A few months ago we instructed y’all to “pour one out for El Niño,” the friendly warm weather pattern that was expected to bring a milder than normal winter to Canada this year.
Turns out that’s only true for the part of the country east of Regina. Everything to the west will be around normal, which is hell, or below normal, which is then actually below the depths of hell.
“From Ontario to Atlantic Canada we are seeing a snowy sneak preview of what will become the dominant pattern for winter,” says Chris Scott, Chief Meteorologist at The Weather Network. So yeah, all that muck you’ve been dealing with already is going to continue probably until next Canada Day.
Here’s a more detailed breakdown:
A mild winter is expected across the province with fewer episodes of arctic air in the Lower Mainland and fewer threats of significant snow in coastal areas and interior valleys. Below normal precipitation is anticipated with fewer storms and more periods of dry weather. However, the pattern will break down at times, potentially bringing an abundance of rain and mountain snow in a relatively short period of time. This should allow south coast rainfall totals to be close to normal despite the overall drier pattern. The ski season could be challenging at times, but is by no means a total write-off. Preliminary indications are also for an earlier arrival of spring weather.
The Prairies will be a battle zone between the mild Pacific air to the west and arctic air to the east. This will result in a changeable winter with back and forth swings in temperature, which are expected to tip to the mild side of normal across Alberta and into western Saskatchewan. However, these temperature swings should come close to offsetting each other across the eastern Prairies. While the final numbers are predicted to be near “normal” across Manitoba, the winter will feel anything but “normal”. Extended periods of harsh winter weather are expected, along with periods of mild weather. Most of the region is expected to see near normal or below normal snowfall with lower than typical concerns for spring flooding.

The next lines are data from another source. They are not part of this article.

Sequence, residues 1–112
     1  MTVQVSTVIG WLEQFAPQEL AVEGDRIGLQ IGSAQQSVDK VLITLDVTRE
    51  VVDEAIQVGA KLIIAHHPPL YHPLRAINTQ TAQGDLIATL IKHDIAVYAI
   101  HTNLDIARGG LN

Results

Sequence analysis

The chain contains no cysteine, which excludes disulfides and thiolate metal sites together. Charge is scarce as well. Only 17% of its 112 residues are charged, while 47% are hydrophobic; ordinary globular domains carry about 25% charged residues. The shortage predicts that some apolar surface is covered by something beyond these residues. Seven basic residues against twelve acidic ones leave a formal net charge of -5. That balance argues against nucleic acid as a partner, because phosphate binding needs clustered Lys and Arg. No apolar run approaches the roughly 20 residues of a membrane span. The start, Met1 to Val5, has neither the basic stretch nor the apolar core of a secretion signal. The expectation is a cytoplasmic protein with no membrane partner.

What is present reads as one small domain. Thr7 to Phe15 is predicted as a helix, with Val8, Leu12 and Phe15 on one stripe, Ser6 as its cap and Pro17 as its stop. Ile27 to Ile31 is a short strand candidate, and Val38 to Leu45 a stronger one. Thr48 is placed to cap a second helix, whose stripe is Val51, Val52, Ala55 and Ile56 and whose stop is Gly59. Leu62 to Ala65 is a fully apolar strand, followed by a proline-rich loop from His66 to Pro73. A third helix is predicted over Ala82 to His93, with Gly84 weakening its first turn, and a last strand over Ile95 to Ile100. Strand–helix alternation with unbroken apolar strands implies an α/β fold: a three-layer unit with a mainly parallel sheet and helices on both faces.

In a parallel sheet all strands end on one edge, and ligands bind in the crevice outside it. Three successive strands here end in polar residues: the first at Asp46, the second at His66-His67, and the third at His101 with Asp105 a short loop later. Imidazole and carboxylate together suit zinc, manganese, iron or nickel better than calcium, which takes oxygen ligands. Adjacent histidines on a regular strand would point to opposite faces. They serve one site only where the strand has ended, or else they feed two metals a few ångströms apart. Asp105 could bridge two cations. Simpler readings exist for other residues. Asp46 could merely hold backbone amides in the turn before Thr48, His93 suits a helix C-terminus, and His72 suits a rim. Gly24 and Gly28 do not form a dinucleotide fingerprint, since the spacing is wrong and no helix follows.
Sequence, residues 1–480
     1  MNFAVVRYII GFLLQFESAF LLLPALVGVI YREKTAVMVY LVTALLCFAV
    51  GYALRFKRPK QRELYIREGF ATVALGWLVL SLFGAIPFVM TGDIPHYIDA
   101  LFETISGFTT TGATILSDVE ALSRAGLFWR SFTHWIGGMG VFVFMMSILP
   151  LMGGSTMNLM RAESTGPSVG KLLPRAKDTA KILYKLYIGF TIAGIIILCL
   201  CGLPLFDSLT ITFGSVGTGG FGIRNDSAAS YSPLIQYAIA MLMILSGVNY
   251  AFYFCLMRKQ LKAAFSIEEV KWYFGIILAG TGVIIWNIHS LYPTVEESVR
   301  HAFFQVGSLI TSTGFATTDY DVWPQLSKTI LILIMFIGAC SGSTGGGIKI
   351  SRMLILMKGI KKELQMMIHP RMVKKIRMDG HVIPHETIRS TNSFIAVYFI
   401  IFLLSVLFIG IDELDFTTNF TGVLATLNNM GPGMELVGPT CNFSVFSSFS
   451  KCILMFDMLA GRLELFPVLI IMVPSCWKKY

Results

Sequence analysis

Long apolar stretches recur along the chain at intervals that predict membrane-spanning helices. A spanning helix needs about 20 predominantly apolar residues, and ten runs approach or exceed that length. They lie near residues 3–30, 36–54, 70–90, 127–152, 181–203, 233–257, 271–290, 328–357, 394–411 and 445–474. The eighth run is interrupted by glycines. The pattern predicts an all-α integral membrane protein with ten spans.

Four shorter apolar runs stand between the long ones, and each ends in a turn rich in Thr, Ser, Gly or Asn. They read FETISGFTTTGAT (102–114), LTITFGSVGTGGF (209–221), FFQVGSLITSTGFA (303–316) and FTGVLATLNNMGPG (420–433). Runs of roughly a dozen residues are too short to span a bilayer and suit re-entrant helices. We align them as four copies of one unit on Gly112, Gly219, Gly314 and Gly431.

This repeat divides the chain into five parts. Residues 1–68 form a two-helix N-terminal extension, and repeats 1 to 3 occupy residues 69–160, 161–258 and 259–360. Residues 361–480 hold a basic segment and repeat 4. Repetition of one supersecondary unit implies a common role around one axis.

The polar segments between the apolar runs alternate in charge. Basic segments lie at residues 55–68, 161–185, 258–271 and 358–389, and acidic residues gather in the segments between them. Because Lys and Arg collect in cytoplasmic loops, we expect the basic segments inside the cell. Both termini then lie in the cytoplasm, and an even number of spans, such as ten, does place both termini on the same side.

Ontario & Quebec
A long, cold winter is probable across most of the region. Colder than normal temperatures are already in the books for October and November and this pattern should dominate through the winter, especially during the season’s second half. Winter will take a breather at times during December and the traditional January thaw is still expected with the potential for an extended thaw before a bitter conclusion to winter. With frequent shots of arctic air bringing an abundance of lake effect snow to the traditional snow belts, near normal seasonal snowfall is anticipated despite fewer high impact storms than normal. However, areas outside of the snow belts, including the Greater Toronto Area, may fall short of normal snowfall. The region will be teased with early spring weather in March, but overall we expect a delay in the arrival of consistent spring warmth.
November has provided Atlantic Canada with a preview of the long and stormy winter that is anticipated across the region. An active storm track from the Gulf of Mexico, up the U.S. East Coast and into Atlantic Canada is expected. While many of these storms will track offshore and keep snow as the dominant precipitation type across the region, some of these storms will track further north. This will bring very mild temperatures and rain at times, especially to southern areas where temperatures are forecast to balance out to near normal for the season. The winter pattern will also likely linger into early spring.